ONE-YEAR ANNIVERSARY SPECIAL REPORT
GNS correspondent John Yaukey and photo chief Jeff Franko traveled to Iraq in March. Browse their word and photo journals.
Glimpses of life in a war-torn country by GNS national security correspondent John Yaukey and photo director Jeff Franko.
Recall key dates, browse defining photos from six weeks of combat in Iraq. (Requires Flash)
January 26, 2005
January 25, 2005
January 25, 2005
January 20, 2005
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Special coverage and photo galleries of American troops serving in Iraq from The Honolulu Advertiser.
Take an interactive tour of Saddam's hide-out and capture at USATODAY.com's Iraq home page.
Click here to browse more than 1,000 Iraq war news stories from the front lines and the home front.
Iraqi government falls, but full control evades U.S., British forces
By Mike Madden | GNS
President Saddam Hussein's 24-year rule over Iraq came to an end this week, as the U.S. military seized Baghdad and Iraqis celebrated by tearing down statues and ransacking government buildings.
But officials in Washington warned that the war was not yet over, and the long process of restoring order and rebuilding Iraq had just begun. Thousands of Iraqis looted Baghdad and other cities, causing humanitarian organizations that had begun delivering aid to pull back.
``It's going to take a while to stabilize the country,'' President Bush said Sunday, upon returning to the White House after a weekend at Camp David.
Bush also hailed Sunday's recovery of seven American prisoners who were held captive in the war, and warned Syria not to help any Iraqi officials who flee to that country.
By the end of the week, Saddam's whereabouts were unknown, and it was not certain whether he was even alive. But one thing was clear - he no longer ran Iraq. On Wednesday, a crowd in Baghdad pulled down a massive statue of Saddam that had loomed over a downtown park and dragged its head through the street, providing the most powerful symbol of the end of his reign.
``The regime of Saddam Hussein is being removed from power, and a long era of fear and cruelty is ending,'' Bush told Iraqis in a message broadcast over what had been the state television network.
Acting on an intelligence tip, a U.S. B-1 bomber dropped four huge bombs on a suburban Baghdad neighborhood Monday night in the hopes of killing Saddam, his sons and other top Iraqi officials.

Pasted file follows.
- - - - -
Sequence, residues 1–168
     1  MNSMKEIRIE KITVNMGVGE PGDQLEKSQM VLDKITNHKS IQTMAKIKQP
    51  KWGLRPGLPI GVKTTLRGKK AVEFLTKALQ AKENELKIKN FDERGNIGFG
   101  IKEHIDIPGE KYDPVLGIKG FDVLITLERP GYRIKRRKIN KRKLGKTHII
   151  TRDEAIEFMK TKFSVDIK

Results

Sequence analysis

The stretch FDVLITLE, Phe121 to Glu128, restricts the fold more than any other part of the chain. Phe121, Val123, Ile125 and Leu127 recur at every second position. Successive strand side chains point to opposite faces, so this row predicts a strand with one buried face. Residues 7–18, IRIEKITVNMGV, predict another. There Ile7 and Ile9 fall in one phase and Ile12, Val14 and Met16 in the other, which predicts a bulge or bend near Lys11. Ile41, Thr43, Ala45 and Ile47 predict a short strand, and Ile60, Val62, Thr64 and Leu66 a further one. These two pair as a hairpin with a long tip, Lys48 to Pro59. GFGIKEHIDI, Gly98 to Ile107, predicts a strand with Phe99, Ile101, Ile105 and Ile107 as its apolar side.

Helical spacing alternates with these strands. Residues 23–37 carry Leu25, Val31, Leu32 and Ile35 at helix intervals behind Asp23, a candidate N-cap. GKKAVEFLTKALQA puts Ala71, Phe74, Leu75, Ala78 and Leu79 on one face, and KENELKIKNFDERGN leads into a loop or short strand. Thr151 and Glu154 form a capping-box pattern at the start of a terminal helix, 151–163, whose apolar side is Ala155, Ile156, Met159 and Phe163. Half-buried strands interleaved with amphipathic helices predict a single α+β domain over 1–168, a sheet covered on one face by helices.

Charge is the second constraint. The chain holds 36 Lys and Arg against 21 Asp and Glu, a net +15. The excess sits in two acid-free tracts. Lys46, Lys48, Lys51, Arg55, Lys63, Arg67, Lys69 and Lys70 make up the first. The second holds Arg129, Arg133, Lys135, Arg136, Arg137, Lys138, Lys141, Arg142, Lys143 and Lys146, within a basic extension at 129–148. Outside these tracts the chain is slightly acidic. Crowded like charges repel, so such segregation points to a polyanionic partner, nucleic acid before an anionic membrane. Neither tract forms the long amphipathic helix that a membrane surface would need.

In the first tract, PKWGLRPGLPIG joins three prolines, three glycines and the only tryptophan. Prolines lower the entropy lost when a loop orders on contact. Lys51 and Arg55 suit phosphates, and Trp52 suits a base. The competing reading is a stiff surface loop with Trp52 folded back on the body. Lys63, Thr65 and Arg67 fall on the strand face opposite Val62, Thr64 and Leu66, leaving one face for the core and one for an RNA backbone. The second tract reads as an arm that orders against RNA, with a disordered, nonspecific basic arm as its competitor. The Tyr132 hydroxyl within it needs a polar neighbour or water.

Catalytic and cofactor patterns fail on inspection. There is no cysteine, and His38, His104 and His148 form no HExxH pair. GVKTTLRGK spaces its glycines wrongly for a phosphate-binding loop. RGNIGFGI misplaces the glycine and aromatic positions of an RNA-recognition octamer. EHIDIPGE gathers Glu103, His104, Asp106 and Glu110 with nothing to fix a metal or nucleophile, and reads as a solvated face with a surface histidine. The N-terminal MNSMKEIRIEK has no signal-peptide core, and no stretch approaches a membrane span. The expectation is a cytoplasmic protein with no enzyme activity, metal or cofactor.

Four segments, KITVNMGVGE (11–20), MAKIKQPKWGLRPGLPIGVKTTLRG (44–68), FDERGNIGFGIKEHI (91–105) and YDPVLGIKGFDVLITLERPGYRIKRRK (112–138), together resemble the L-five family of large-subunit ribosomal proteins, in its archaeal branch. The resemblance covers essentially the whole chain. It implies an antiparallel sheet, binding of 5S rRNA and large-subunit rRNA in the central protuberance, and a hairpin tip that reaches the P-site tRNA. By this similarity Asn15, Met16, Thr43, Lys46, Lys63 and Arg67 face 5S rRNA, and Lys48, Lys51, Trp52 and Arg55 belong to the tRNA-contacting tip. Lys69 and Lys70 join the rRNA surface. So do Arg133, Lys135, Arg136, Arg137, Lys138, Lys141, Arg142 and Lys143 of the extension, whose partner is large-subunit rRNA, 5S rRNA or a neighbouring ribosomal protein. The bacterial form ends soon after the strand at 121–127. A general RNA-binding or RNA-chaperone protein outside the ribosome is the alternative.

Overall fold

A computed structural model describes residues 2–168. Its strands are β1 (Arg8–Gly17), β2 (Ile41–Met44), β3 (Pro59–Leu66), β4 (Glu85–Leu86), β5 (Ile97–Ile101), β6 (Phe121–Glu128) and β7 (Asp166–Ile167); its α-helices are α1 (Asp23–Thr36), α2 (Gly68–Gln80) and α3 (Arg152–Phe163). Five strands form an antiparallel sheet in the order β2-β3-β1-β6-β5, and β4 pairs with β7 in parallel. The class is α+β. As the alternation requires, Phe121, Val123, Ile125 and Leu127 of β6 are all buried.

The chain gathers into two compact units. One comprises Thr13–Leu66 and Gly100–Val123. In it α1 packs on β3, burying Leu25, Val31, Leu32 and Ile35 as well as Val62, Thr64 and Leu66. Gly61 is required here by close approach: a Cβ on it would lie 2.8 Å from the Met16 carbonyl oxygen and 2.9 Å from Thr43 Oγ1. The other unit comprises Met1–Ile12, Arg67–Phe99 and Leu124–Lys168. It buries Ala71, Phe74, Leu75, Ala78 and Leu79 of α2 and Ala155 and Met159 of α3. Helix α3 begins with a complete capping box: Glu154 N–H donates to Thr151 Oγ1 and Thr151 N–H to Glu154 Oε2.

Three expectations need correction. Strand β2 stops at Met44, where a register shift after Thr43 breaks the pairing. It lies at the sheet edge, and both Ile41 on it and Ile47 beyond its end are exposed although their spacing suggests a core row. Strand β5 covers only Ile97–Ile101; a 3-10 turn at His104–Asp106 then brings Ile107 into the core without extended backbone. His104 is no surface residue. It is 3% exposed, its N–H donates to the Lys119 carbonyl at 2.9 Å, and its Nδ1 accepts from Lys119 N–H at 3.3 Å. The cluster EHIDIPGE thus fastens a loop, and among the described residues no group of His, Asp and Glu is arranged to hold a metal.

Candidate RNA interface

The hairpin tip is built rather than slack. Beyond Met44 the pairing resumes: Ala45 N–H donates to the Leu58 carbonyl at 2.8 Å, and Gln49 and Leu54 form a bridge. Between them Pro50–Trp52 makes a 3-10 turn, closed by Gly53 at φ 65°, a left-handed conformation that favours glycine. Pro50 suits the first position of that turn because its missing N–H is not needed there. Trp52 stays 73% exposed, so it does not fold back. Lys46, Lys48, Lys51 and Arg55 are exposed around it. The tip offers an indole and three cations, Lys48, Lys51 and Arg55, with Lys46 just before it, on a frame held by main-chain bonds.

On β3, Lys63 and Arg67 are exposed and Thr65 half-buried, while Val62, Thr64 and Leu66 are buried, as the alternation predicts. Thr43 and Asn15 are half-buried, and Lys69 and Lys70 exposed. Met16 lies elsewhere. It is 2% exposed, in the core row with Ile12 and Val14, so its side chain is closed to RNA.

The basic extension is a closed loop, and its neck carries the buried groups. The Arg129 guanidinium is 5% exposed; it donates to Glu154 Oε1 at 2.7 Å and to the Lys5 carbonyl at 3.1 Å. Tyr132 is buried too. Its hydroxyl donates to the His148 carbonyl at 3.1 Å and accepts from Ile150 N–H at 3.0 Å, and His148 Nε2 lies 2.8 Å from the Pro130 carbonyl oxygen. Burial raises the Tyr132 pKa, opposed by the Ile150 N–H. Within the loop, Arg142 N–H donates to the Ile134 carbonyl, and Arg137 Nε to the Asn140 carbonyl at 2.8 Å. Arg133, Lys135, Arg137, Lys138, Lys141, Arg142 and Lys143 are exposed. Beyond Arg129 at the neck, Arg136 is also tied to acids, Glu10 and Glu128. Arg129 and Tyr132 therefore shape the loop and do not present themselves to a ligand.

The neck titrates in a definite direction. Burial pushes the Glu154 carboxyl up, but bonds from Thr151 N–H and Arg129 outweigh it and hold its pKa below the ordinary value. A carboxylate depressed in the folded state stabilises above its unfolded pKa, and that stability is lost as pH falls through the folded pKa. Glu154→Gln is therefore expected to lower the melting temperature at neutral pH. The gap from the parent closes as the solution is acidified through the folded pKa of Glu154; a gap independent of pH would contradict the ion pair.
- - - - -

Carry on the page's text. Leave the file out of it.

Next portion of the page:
That strike may not have succeeded, but it helped mark the end of organized Iraqi resistance. Around the country, Iraqi soldiers fled their positions and hundreds were shown walking home. Another northern city, Mosul, fell Friday. Kurdish rebels captured Kirkuk, at the center of northern oil fields, but after protests from Turkey said they would withdraw if U.S. forces could secure the city.
But while Saddam's control vanished, the invading U.S. and British forces did not have total control. On Thursday, a suicide bomber killed four U.S. soldiers in Baghdad and a Shiite mob hacked two clerics to death in Najaf. They had been meeting to discuss postwar power arrangements.
Echoing a cautious tone throughout the military, Air Force Gen. Richard Myers, chairman of the Joint Chiefs of Staff, said U.S. forces were still too busy clearing out pockets of resistance to police the country against lawlessness.
Quoting World War II British Prime Minister Winston Churchill, Myers said, ``This is not the end, it is not even the beginning of the end, but it's perhaps the end of the beginning.``
Wounded troops: Bush visited wounded soldiers at two military hospitals in suburban Washington, saying he was honored to spend time with those who made a ``worthwhile'' sacrifice. Army Pfc. Jessica Lynch, who was rescued from an Iraqi hospital on April 1, and about four dozen other wounded soldiers arrived Saturday at Walter Reed Army Medical Center. Doctors said Lynch could be in the hospital for several weeks.
Diplomacy: The role of the United Nations in postwar Iraq was still unclear. Bush and British Prime Minister Tony Blair met in Belfast, Northern Ireland, and announced that the United Nations would be a ``vital'' part of the reconstruction effort. Meanwhile, the leaders of France, Germany and Russia, who all opposed the war, announced plans for their own summit early next week to discuss how they think the postwar should go.
Congress: Lawmakers approved a $79 billion emergency spending measure to pay for the war and to begin the rebuilding process. The Senate passed the bill late Friday, and the House followed in a rare Saturday session.